Tip: Analyzing top performers should yield the best results. Research competitors that perform well for your highest-difficulty keywords. Or learn how to find your top competitors with Semrush.
Then, go to the “Positions” report to see your competitor’s keyword rankings.
To exclude keywords you’ve already added to keyword clusters, go to “Advanced filters.” Then apply the following condition for each seed keyword from earlier: “Exclude Keyword Containing [Seed Keyword]”
Add any relevant results to your keyword list. This should plug most of the gaps, but you can repeat with as many competitors as you like.
Step 2: Categorize Your Keywords
Before learning how to do keyword clustering, first understand what makes an effective keyword cluster.
Most importantly, grouped keywords should have the same search intent.
You may have an intuitive understanding of search intent. But it’s not always clear. Start by looking at the keyword’s search engine results page (SERP). And referencing the search intent type:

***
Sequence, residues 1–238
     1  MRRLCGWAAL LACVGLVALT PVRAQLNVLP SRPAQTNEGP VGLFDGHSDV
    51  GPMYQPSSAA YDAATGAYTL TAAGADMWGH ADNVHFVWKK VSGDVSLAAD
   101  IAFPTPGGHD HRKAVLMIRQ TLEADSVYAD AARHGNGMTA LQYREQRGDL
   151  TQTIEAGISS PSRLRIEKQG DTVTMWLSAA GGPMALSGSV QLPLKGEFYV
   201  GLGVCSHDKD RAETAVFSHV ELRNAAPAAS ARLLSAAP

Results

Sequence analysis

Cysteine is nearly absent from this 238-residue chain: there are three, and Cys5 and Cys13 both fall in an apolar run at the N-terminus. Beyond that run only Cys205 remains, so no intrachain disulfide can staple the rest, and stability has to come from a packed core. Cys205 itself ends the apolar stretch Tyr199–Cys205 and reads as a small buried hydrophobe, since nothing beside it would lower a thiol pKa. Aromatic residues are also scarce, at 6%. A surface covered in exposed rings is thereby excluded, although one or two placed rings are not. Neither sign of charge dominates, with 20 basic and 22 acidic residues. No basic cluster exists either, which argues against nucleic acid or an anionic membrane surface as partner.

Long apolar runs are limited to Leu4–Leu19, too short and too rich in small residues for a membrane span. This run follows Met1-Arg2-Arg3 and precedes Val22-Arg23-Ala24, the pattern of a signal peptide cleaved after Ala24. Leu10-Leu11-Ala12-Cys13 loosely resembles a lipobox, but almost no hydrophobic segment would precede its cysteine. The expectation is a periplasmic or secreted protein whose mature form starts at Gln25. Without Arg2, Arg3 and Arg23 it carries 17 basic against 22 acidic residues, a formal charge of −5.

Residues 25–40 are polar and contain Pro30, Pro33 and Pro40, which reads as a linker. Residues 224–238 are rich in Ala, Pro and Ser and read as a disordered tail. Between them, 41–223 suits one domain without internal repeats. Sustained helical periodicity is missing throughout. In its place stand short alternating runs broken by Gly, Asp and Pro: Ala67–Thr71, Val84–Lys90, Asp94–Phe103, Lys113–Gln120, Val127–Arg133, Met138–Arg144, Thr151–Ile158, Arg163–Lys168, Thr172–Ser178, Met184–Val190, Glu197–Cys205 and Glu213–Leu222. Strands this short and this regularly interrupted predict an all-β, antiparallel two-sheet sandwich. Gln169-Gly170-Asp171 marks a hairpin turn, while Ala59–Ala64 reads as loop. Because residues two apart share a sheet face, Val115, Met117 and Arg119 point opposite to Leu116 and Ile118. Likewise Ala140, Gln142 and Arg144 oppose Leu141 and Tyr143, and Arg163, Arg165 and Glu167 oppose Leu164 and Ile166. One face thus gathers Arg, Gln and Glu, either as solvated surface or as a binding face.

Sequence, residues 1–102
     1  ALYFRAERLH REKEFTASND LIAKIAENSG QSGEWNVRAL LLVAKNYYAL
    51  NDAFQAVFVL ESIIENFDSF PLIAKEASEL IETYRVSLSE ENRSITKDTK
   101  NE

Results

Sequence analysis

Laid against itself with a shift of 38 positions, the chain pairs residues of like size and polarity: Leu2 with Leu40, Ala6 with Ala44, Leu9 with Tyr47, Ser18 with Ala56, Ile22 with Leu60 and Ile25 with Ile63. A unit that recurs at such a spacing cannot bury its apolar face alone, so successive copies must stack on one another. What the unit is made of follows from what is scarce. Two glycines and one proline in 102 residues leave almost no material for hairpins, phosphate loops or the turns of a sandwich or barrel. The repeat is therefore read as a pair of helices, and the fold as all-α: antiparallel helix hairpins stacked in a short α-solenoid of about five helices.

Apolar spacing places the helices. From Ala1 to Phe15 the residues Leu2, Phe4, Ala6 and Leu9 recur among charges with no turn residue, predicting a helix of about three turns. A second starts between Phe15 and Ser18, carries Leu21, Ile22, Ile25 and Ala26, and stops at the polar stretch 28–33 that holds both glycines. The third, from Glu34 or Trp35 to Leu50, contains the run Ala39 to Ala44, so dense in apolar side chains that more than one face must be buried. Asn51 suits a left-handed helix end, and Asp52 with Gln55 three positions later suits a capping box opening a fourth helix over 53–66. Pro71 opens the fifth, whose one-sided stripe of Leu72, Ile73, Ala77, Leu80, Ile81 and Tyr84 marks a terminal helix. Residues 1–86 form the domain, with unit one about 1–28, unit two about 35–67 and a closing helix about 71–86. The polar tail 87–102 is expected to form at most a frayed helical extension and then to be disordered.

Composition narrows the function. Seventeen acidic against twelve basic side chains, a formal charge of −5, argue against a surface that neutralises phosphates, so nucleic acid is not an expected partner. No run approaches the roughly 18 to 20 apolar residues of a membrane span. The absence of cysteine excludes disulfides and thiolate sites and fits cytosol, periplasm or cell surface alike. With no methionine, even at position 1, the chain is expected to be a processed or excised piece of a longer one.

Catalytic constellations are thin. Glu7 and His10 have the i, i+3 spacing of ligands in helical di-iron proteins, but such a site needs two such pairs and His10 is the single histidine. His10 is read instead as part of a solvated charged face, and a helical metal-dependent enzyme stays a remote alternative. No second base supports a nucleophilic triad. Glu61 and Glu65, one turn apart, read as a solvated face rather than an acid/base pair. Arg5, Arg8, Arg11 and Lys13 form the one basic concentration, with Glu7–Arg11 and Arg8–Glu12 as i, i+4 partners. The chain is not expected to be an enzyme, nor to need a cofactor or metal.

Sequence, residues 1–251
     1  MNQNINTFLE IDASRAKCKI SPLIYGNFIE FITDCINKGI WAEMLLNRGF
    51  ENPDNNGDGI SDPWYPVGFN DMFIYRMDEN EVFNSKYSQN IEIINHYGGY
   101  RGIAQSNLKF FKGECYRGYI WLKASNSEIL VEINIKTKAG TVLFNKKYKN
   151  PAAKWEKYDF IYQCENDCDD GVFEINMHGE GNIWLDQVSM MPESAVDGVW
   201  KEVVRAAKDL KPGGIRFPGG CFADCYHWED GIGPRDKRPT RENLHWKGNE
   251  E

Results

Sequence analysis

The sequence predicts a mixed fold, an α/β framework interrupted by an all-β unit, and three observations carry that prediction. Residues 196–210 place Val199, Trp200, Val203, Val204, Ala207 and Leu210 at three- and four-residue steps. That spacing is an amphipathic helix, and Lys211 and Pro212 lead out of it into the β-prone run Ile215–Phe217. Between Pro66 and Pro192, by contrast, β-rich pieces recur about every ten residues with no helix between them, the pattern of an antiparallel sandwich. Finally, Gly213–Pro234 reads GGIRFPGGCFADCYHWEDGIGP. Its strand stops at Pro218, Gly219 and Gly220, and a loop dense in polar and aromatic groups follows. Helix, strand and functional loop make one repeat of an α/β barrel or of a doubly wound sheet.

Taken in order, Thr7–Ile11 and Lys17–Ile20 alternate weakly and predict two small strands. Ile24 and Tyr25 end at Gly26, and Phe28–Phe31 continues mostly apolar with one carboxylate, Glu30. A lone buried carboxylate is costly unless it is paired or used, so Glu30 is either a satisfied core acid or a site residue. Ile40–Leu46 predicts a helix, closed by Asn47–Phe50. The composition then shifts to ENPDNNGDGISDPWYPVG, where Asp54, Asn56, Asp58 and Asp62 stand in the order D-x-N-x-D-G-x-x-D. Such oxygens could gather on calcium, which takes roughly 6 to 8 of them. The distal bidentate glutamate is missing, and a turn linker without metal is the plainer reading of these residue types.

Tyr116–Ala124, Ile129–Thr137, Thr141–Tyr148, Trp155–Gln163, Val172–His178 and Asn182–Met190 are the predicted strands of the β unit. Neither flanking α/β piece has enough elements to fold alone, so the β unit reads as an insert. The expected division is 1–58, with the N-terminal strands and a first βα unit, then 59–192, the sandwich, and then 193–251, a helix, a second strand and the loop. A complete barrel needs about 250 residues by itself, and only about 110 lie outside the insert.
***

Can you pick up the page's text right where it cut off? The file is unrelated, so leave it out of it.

- Informational: Users want to learn more about something (e.g., “mattress dimensions”)
- Navigational: Users want to find a specific page (e.g., “Ikea mattress”)
- Commercial: Users want to do research before making a purchase decision (e.g., “best mattress”)
- Transactional: Users want to complete a specific action, such as a purchase (e.g., “buy mattress”)
For example, notice the subtle difference between “king mattress size” and “king size mattress.” The first searcher is looking for measurements (informational intent).
The second is looking for products (commercial intent).
Google’s natural language processing algorithms can pick up on these kinds of nuances. You should, too.
Sometimes, it’s difficult to know how much segmentation is required.
For example, should you combine “king mattress dimensions” and “queen mattress dimensions” into the same cluster? What about “king mattress” and “king memory foam mattress”?
To determine the best approach, consider three factors:
- SERP similarity: Do the same pages rank well for both keywords? If so, it’s probably best to cluster the keywords.
- Content quality: Could you create high-quality content for both pages? If separate pages would be too thin, combine the keywords. If a combined page would be too broad, separate them.
- User journey: Will the average user want to explore both topics at the same time? If so, keep all the content on one page.